How to Cook Lentils: The Ultimate Easy Step-by-Step Guide
Lentils are a quick, easy, wholesome part of the legume family, also referred to as "pulses." They're affordable and quick to prepare, plus they serve as a fantastic source of protein and store easily in the pantry. We love lentils in everything from soups and stews to salads, dips, and side dishes. Clearly, learning to cook dried lentils is a kitchen skill worth mastering.
This guide covers everything you need to know: how to prepare lentils, how to cook them them using different appliances, how long to cook lentils, and a roundup of the different types available. You'll learn how to cook red split lentils, how to cook French green lentils, and every type in between!
Different Types of Lentils
There are a variety of lentils widely available on the market, each with it's own flavor profile and texture. Often, the answer to "How do you cook lentils?" or "How long do you cook lentils" is based on the variety you choose.
Red, Orange, and Yellow Lentils
These sweet lentils are all beautifully-hued variations of one specific variety. They're ideal for thick soups, sauces, curries, or Indian daal. You can find them in Indian or Middle Eastern markets labeled as masoor (red lentils) or channa (yellow lentils). Since they get mushy easily, it's important to know how long to cook red lentils. As a rule of thumb, remember that they generally take about 30 minutes on the stovetop.
This is the most common variety of lentil, and what you'll see most often at your local grocery store. They generally have a mild, earthy flavor, cook quickly in about 20 to 30 minutes, and hold their shape fairly well. Common varieties include Spanish Brown, German Brown, or Indian Brown. The blackest and tiniest lentils are called Beluga lentils. If you're cooking black lentils, start checking for doneness after 15 minutes.
Green Lentils are much-loved for their hearty and peppery flavor, and they also stay firm after cooking, which makes them perfect for salads and sides. How long to cook green lentils? Slowly, for 45 minutes, to preserve that firm texture. Varieties include Lentilles du Puy, Puy Lentils, or French Green lentils.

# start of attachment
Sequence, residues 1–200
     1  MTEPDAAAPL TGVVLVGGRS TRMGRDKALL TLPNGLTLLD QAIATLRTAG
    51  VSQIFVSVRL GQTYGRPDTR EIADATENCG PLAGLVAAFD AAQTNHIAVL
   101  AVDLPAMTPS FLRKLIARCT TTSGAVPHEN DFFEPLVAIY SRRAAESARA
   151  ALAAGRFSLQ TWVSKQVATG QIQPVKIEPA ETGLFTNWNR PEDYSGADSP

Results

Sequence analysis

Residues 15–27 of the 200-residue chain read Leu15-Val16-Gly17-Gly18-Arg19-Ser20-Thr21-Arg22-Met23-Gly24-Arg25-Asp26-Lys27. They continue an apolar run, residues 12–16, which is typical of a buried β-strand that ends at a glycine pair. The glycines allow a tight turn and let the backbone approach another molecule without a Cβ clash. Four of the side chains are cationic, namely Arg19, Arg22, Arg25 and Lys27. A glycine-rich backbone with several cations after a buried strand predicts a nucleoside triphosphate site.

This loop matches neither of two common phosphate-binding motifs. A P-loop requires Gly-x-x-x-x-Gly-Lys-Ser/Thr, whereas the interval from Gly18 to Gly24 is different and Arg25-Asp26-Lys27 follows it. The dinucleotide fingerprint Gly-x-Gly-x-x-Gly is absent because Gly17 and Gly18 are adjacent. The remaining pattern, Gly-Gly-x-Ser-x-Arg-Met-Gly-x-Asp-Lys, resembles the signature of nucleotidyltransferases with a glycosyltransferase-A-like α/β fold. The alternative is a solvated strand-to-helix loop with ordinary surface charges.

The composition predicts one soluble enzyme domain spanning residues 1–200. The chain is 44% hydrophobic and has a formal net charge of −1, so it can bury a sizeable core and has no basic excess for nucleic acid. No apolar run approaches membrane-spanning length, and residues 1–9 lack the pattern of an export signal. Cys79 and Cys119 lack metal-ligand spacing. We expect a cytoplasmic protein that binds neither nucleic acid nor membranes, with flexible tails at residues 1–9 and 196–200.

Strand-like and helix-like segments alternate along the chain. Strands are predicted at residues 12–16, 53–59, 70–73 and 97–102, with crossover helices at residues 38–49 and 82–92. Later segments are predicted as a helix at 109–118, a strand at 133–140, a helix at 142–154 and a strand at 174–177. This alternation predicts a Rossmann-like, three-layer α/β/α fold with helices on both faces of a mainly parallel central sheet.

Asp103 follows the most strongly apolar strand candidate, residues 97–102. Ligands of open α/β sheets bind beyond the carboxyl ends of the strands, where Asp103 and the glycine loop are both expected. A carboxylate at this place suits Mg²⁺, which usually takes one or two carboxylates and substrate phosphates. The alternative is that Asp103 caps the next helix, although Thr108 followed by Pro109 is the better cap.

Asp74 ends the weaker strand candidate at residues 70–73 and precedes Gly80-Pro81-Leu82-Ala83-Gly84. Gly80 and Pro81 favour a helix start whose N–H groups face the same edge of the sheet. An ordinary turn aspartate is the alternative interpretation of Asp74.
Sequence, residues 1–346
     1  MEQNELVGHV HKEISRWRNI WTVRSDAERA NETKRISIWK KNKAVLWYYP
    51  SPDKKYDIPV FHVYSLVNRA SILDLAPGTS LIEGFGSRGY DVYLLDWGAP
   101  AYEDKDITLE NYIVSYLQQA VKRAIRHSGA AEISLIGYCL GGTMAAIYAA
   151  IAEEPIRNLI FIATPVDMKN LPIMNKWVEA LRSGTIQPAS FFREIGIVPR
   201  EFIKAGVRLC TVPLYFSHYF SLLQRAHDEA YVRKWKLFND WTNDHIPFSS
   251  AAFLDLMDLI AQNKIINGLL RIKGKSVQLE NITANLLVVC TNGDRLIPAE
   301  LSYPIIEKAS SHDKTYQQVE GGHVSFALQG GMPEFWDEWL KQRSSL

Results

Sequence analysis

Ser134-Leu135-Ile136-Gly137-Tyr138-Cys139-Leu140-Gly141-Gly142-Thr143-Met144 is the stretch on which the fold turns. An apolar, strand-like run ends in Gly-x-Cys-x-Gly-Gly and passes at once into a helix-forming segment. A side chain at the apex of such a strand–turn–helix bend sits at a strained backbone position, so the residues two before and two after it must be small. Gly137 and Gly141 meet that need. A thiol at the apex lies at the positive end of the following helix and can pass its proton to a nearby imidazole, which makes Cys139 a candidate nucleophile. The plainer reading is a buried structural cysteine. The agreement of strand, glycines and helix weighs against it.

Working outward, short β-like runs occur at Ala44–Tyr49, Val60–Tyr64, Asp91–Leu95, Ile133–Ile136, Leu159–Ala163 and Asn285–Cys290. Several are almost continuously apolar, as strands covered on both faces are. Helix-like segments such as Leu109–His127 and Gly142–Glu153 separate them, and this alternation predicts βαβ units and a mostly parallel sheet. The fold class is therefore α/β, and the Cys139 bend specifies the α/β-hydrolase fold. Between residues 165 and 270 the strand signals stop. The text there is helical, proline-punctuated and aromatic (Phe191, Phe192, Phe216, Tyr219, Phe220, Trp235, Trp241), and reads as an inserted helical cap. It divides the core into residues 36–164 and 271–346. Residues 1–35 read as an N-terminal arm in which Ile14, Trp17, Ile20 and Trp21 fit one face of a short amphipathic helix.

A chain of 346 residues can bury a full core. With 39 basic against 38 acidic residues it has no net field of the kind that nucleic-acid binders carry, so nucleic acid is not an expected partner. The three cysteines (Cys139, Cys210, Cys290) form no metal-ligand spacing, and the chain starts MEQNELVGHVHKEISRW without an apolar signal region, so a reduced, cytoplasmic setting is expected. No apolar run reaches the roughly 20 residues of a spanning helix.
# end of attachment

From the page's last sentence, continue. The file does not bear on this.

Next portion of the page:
How to Prepare Lentils
Whether you want to learn how to cook lentil soup or how to cook lentils for a variety of dishes, once you've chosen the type of lentil the steps are the same. Here's a summary of how to prepare lentils:
- Buy the freshest lentils possible (look for a date on the package). Older lentils require much longer to cook and sometimes don't soften at all.
- Rinse lentils in a colander and sift through to remove small rocks and debris.
- Add flavor to lentils while cooking by simmering in chicken or vegetable broth with aromatics like onions and garlic, fresh herbs, or spices.
- Skip the salt and acidic ingredients like vinegar and lemon juice while cooking lentils—they slow cooking and may toughen skins.
- Don't overcook your lentils and wait to season with salt when finished.
How to Cook Lentils
Cook time is based on the variety of lentil you choose and the method you choose to cook them. When deciding how to cook lentils consider these three main techniques:
A simple way to cook perfectly tender lentils is on the stovetop. This technique is great for when you want total control over how firm or soft your lentils become.
- Place lentils in a large pot with at least 2" of unsalted liquid covering them.
- Bring to a rapid simmer.
- Reduce heat to very low, so only slow bubbles appear.
- Cook your lentils uncovered on low heat for 20-45 minutes (based on the variety) to plump them up while avoiding split skins and mushy results.
- Add more liquid as needed until lentils are done. A good ratio to start with is 1 cup of lentils to 2½ cups liquid.
- If you have any liquid left, strain lentils through a mesh sieve.
Cooking lentils in a slow cooker is a wonderful way to let them tenderize and allow their flavor to meld with other ingredients. A slow cooker is also fantastic for making soups and stews where it's ok if your lentils get very soft such as in Red Lentil Daal. The final texture of the lentils is based on how much liquid you add and how long/what temperature you set your slow cooker to. Here's how to cook them:
- Add all ingredient to slow cooker and set on low or high.
- Set the time based on the type of lentil you're cooking. It's helpful to refer to recipes or your slow cooker's instruction manual for more precise ratios of lentil to liquid as well as exact cook times by type.
- A great starting point is 1 cup lentils to 2½ cups liquid.
Like a slow cooker, pressure cookers slash cook time, making for super speedy meal prep! Just be sure to stick with brown or green lentils; red, yellow, and orange lentils will turn to mush under high pressure. Here's how to cook lentils in a pressure cooker:
- Place lentils and seasoned liquid in the pressure cooker. A good ratio to start with is 1 cup lentils to 2 ¼ cups liquid.
- Cook for 6-15 minutes on high pressure depending on the type of lentil.
- Allow the pressure cooker to release pressure naturally for about 10 minutes to finish the cooking process.
That's it! Cooked lentils will keep refrigerated for about a week, making them super convenient for fast meals and on-the-fly cooking. Just season with oils, vinegars, herbs and spices to eat on their own, or add to soups, salads, lentil bowls or even burritos!